The Little Theatre of Virginia Beach is conveniently located just 6 blocks from the oceanfront on the corner of 24th Street and Barberton Drive and easily accessible to Interstate 264.
Nestled in a residential neighborhood, LTVB is an all volunteer, not-for-profit organization that has been bringing live theatre to the community since 1948. Our mission is to educate and to provide our community with quality live theatrical experiences at affordable prices while developing and showcasing local talent. The Theatre operates Friday/Saturday evenings and Sunday afternoons year-round with 5 productions in our regular season (September through early June) and a summer production in July, showcasing many of Hampton Roads' best local actors. We invite you to visit and help us commemorate the Beach's oldest continually-operating community theater.
The Little Theatre of Virginia Beach is funded, in part, by the citizens of Virginia Beach through a grant from the City of Virginia Beach Arts and Humanities Commission. Additional funding provided from the Hampton Roads Community Foundation on behalf of the Carol Chittum Endowment for the Theatrical Performing Arts and the Eugenia Smith Kennedy Fund and a grant from the Business Consortium for Arts Support.
From notes provided by the late Liz Sills
See also the Virginia Beach Public Libary's LTVB digital collection
In March of 1948, Carol Simpson and Liz Sills organized the Little Theatre of Virginia Beach at the old Community House, also known as the USO. At that time, Virginia Beach was a small town surrounded by Princess Anne County, depending largely on Norfolk for its culture. There had been attempts in 1930 and 1936 to get a little theatre going, and from time to time the Princess Anne Women's Club produced a well-received play, but it was the follies put on by the Junior Women's Club with help from the Cargill Company of New York that inspired the creation of LTVB. The first general meeting was attended by 150 enthusiastic volunteers at the Cavalier Hotel, most of whom ran when they found out how much work would be involved. With a loan of $300 from the Junior Women's Club, production got under way.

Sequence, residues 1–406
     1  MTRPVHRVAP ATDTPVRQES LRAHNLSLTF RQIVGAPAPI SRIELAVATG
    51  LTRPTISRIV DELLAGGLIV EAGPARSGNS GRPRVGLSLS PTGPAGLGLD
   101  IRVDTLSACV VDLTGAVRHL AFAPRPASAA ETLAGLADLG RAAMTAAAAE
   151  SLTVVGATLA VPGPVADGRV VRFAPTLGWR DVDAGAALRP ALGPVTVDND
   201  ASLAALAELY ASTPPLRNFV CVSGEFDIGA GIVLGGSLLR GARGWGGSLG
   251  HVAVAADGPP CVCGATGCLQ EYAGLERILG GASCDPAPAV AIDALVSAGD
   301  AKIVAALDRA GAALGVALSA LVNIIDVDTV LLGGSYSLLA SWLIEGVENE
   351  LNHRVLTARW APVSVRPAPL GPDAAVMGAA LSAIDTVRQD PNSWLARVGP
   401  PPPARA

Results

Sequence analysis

The first three years were hectic, busy, uncharted. LTVB held workshops, sponsored a radio script contest, entertained Broadway stars appearing in the Norfolk Drama Festival, presented members on numerous radio shows, created a children's theatre committee, sponsored speakers and helped the professional theatre-go-round get started. The first show, My Sister Eileen, had an ever-changing cast of twenty six, who rehearsed in offices and hotel lobbies. The show opened in the original W. T. Cooke School auditorium. The theatre survived several years at the Community House (the old USO), where the acoustics were awful, but they let the theatre use the bath houses for rehearsal.
After Carol Simpson retired, Ruth Mazury took over as director. She had been a Ziegfeld Follies girl for 17 years before switching to drama and had worked with many famous theatre personalities. Ruth Mazury directed four plays per year for 10 years. By this time some of the plays were being produced at the Roland Movie Theatre on 17th Street, where the actors could not get on stage without walking through the men's room, which then took them outside, down an alley and up some steps. LTVB performed at various other venues, including Virginia Beach High School, the Bay Harbour Club (a dinner theatre in the White Heron) and the Lake Wright Dinner Theatre. In 1972 LTVB moved into its present space at 24th Street and Barberton Drive.